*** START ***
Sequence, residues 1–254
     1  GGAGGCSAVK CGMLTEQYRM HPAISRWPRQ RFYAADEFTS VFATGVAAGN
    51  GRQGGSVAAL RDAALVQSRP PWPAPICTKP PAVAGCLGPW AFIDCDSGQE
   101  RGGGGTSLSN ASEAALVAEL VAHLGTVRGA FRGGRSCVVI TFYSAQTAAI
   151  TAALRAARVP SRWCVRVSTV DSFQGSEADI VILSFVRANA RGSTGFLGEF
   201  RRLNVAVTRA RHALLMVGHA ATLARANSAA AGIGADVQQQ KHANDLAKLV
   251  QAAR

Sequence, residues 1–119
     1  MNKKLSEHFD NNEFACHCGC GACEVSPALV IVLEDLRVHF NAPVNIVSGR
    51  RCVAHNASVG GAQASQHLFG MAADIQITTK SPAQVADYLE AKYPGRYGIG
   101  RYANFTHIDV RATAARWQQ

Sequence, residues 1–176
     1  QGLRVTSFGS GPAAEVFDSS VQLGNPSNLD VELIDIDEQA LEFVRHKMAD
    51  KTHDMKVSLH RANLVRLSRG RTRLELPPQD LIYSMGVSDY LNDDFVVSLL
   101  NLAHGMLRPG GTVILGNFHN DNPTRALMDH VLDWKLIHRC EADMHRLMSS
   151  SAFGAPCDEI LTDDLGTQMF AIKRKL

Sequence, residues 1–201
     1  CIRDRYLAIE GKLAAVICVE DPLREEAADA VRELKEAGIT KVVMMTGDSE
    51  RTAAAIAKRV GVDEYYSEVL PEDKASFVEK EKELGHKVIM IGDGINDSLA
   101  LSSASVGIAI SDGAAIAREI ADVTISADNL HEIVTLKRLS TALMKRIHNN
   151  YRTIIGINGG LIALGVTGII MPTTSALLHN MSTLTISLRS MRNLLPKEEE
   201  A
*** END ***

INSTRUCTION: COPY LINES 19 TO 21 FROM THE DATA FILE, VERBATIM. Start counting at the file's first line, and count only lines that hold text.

    51  RTAAAIAKRV GVDEYYSEVL PEDKASFVEK EKELGHKVIM IGDGINDSLA
   101  LSSASVGIAI SDGAAIAREI ADVTISADNL HEIVTLKRLS TALMKRIHNN
   151  YRTIIGINGG LIALGVTGII MPTTSALLHN MSTLTISLRS MRNLLPKEEE